• No changes can be made to the jobsite address, extent of work or work type on an extended locate request ticket. A new locate request must be issued if any of these changes are required. Remarks can be added to an extended locate request to specify a certain area be re-marked instead of the entire scope provided on the initial locate request.
    • Extended locate request tickets are considered a request for utility marks unless the caller specifically states no marks are needed. If marks are requested, they require two business days advance notice. Extensions requested within the last two calendar days of a locate request may delay your excavation project until the member facility owners have marked.
    • Locate request extensions maintain the same dig number as the initial locate request for a period of up to five months from the initial call. Projects that require a longer period to complete will be issued a new dig number at the end of the five-month period.
    • JULIE’s servers will conduct a new member lookup during each extend operation to see if there is a new underground utility facility owner near the jobsite to be notified.
  • Re-mark vs. extension
    • If weather, construction activity or vandalism erode the markings, a refresh (a request for re-marks) is necessary.
    • A re-mark request does not extend the ticket life. The excavator must specifically request an extension if the project is scheduled to go beyond the 28-day ticket life.

Holidays
While JULIE agents and online request options are available on JULIE recognized holidays, members usually have crews on call to handle emergencies only. Therefore, in addition to weekends, the following days are not included in the determination of the two business days:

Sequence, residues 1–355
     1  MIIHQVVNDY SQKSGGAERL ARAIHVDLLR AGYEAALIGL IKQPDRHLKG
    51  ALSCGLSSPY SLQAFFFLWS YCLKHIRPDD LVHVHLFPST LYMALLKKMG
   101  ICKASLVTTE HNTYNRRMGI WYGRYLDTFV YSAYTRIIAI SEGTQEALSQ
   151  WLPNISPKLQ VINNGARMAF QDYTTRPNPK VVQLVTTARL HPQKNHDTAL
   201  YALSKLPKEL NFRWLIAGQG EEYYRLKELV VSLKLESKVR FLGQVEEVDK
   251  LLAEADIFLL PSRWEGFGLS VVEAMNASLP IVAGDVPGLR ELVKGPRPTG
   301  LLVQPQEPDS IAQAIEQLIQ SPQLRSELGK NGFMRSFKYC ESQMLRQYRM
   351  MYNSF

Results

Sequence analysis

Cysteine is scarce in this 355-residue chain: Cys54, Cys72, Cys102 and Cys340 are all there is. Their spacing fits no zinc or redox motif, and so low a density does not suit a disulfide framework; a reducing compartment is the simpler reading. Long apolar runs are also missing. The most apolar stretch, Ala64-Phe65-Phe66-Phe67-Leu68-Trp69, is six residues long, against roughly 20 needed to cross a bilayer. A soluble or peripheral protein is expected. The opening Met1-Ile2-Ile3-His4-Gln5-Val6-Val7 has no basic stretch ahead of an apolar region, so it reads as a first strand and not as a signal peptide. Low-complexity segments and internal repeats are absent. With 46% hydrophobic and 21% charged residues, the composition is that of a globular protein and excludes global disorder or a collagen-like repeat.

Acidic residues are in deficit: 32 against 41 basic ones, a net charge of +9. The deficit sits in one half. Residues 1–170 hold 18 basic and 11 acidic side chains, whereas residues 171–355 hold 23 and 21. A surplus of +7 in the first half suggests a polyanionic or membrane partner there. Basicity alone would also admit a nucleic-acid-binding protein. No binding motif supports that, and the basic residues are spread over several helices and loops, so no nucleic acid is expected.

• New Year’s Day
  • Memorial Day
  • Independence Day
  • Labor Day
  • Thanksgiving Day
  • Friday after Thanksgiving Day
  • Christmas Day

If a holiday falls on a Saturday, the previous Friday is observed. If the holiday falls on a Sunday, the following Monday is observed.

4. Respect the Marks


After receiving notification from JULIE, member companies may use a combination of flags, stakes or paint as dig site and seasonal conditions warrant. If the approximate location of an underground utility facility is marked with paint, stakes or other physical means, the following color code is employed:

    • RED – Electric
    • YELLOW – Gas, oil, petroleum
    • ORANGE – Communications
    • BLUE – Potable water
    • PURPLE – Irrigation, reclaimed water
    • GREEN – Sewer

Other colors of flags or paint you may see at a dig site include white, which shows the extent of the excavation area and is used in pre-marking prior to making a locate request, or pink which indicates a temporary survey.

Once the marks are placed, it is the responsibility of the excavator to maintain those marks.

Markings